In the context of the Houthi escalation in Yemen, Rashad Al-Alimi, Chairman of the Yemeni Presidential Leadership Council, confirmed, on the sidelines of his meeting two days ago with the United Nations Special Envoy to Yemen, Hans Grundberg, in Riyadh, that “the Houthis expanded in imposing restrictions on the movement of individuals and commodities, and arbitrary measures against banks and chambers of commerce, and private sector activities”, stating that their objective “is to retroactively confiscate all banking interests over the past years and establish a new banking apparatus affiliated with them, similar to Hezbollah and the Iranian Revolutionary Guard, which will give rise to money laundering and terrorist financing activities.”
3. Military Escalation Off the Yemeni Coast: To exert pressure on global and regional powers with significant economic, security, and strategic interests in the Red Sea region, the Houthi organization is betting on a threat to maritime security off the coast of Yemen and the region more generally. In this context, the UK Maritime Trade Operations Agency stated at the end of April that it had received reports of an attack on a British ship south of the Yemeni coastal town of Nishtun. Although neither the British party nor international estimates specifically blamed the Houthis for the incident, the length of the Yemen conflict and the fact that this region serves as a route for the Houthis to obtain Iranian weapons that are being smuggled into the country proved that the group was to blame for all threats to maritime security in this vital region.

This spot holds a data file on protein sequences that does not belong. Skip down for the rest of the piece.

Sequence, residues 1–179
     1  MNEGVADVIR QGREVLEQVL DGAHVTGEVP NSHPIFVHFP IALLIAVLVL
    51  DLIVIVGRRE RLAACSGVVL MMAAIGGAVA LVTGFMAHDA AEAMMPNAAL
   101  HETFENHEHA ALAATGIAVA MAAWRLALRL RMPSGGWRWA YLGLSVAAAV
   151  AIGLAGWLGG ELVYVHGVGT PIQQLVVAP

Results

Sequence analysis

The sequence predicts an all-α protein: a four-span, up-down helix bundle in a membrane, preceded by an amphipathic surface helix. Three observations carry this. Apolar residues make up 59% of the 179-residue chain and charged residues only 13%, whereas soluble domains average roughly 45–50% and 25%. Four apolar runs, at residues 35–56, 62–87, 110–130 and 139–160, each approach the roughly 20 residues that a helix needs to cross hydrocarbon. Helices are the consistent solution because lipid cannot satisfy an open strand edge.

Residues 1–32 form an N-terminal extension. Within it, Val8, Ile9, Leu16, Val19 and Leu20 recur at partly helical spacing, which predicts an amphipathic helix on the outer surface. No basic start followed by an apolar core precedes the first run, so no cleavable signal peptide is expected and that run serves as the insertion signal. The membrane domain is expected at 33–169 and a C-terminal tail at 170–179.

4- Targeting Yemen’s Judicial System: The Houthi militia is persistent in its efforts to take over Yemen’s judicial system, particularly by using methods of repression, intimidation, and judge assassination to guarantee control over this crucial institution and use it as a weapon against opponents. The Houthi strategy has been shown to be continuing in recent months, especially in light of the decisions made by Rashad Al-Alimi, the president of the Yemeni Presidential Leadership Council, in early August 2022, which included significant structural changes to the courthouse. Judge Shams Al-Din Al-Maliky, the head of Al-Husha First Instance Court in Ibb Governorate, was detained by Houthi apparatus on 25 August, for allegedly demanding payment. On August 30, Houthi militants surrounded Judge Abdullah Al-Jabri’s home in Southwest Sana’a, where he serves as president of the court. In the meantime, the Houthi movement issued a decision on 18 August to suspend 70 judges and prosecutors and replace them with its loyalists.